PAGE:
(CN) - Pharmacies do not have to distribute emergency contraception due to Illinois' Conscience Act, a state appeals court ruled.
Luke Vander Bleek and Glenn Kosirog filed for relief from an administrative rule that requires pharmacists like them to dispense the morning-after pill.
The pharmacists were joined by Fitzgerald Pharmacy, Eggelston Pharmacy and Kosirog Rexall Pharmacy.
Illinois Gov. Pat Quinn was a defendant in the lawsuit, along with Secretary of Financial and Professional Regulation Fernando Grillo, the state pharmacy board and Daniel Bluthardt, the acting director of the Division of Professional Regulation.
The plaintiffs believe that life begins at conception, the morning-after pill causes abortions and that dispensing the pill is against their religious beliefs.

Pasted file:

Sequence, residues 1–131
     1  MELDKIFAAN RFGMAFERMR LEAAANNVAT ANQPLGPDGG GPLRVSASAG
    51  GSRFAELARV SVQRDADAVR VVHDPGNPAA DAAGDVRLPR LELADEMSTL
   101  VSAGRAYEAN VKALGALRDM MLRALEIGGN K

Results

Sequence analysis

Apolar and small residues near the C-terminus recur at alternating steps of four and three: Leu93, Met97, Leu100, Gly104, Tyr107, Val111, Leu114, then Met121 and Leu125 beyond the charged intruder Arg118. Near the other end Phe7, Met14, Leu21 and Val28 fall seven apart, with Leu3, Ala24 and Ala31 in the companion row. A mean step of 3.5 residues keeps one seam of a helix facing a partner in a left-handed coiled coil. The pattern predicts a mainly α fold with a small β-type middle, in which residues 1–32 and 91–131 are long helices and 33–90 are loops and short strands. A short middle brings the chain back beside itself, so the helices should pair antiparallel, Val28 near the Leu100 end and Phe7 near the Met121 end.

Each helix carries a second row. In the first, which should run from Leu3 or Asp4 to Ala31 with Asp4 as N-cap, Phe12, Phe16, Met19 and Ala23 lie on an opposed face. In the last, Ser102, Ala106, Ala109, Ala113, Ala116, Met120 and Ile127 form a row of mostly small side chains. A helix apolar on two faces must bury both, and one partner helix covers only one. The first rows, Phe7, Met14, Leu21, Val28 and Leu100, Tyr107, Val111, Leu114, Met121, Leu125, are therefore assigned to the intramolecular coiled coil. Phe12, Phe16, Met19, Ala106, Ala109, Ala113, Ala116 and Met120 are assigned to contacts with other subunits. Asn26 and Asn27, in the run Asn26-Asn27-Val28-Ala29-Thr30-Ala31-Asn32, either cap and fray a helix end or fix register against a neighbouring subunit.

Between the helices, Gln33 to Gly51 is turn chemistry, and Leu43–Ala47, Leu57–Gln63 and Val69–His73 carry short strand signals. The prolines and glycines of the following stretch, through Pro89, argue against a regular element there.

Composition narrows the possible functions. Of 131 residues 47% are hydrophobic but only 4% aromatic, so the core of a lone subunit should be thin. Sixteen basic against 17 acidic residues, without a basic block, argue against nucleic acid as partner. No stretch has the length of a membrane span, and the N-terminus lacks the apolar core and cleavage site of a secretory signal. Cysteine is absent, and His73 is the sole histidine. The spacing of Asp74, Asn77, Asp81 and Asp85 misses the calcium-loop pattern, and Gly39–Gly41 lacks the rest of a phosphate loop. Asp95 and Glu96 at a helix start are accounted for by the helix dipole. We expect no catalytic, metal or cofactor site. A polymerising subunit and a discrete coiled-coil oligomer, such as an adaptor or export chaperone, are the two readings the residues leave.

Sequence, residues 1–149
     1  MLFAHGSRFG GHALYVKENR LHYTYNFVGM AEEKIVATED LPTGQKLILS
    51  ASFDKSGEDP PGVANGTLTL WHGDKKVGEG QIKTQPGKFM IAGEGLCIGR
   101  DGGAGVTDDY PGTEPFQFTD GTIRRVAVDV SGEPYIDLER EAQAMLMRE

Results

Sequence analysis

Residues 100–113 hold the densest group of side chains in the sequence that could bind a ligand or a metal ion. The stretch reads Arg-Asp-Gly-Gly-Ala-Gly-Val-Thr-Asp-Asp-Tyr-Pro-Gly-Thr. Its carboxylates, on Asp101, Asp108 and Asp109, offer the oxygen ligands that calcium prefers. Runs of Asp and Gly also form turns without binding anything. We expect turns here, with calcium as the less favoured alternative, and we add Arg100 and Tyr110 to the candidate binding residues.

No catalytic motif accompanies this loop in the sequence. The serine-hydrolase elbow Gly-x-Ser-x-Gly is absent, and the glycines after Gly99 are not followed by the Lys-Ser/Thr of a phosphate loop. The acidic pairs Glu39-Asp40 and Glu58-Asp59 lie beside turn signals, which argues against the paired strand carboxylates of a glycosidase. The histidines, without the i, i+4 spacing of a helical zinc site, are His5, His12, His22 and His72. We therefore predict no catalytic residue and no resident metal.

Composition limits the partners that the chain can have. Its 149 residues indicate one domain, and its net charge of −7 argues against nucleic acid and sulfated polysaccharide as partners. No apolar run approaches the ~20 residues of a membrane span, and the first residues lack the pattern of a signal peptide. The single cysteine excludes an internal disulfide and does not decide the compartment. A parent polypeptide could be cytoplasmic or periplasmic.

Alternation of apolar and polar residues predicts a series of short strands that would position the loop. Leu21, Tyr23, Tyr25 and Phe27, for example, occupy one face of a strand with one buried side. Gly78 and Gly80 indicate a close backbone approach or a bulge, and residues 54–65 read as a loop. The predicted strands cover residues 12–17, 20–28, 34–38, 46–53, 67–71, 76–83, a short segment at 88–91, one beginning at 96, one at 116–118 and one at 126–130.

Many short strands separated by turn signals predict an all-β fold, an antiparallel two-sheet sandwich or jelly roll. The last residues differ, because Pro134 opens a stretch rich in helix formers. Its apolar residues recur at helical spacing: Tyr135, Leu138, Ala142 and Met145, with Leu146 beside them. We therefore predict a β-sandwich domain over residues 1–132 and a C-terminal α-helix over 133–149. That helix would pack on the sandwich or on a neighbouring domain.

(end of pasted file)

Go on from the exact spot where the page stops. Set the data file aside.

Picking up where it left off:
The trial court granted them an injunction, claiming that the rule was unconstitutional under the Conscience Act and the Religious Freedom Act.
The Springfield-based Fourth District Illinois Court of Appeals partially upheld the decision in a ruling written by Judge James Knecht. The result is that the pharmacists will not be compelled to dispense the pills.
"The Conscience Act does not prohibit governmental action that may ultimately force health-care personnel or health-care facilities to make a conscientious decision based on their beliefs not to comply with that government action," Knecht wrote.
"The Conscience Act, instead, states such personnel or entities may not be discriminated against or punished civilly or criminally if they make a conscience-based decision not to comply. The current rule does not violate the Conscience Act; its enforcement against plaintiffs on the issue of emergency contraceptives does," he added.
Read the Top 8
Sign up for the Top 8, a roundup of the day's top stories delivered directly to your inbox Monday through Friday.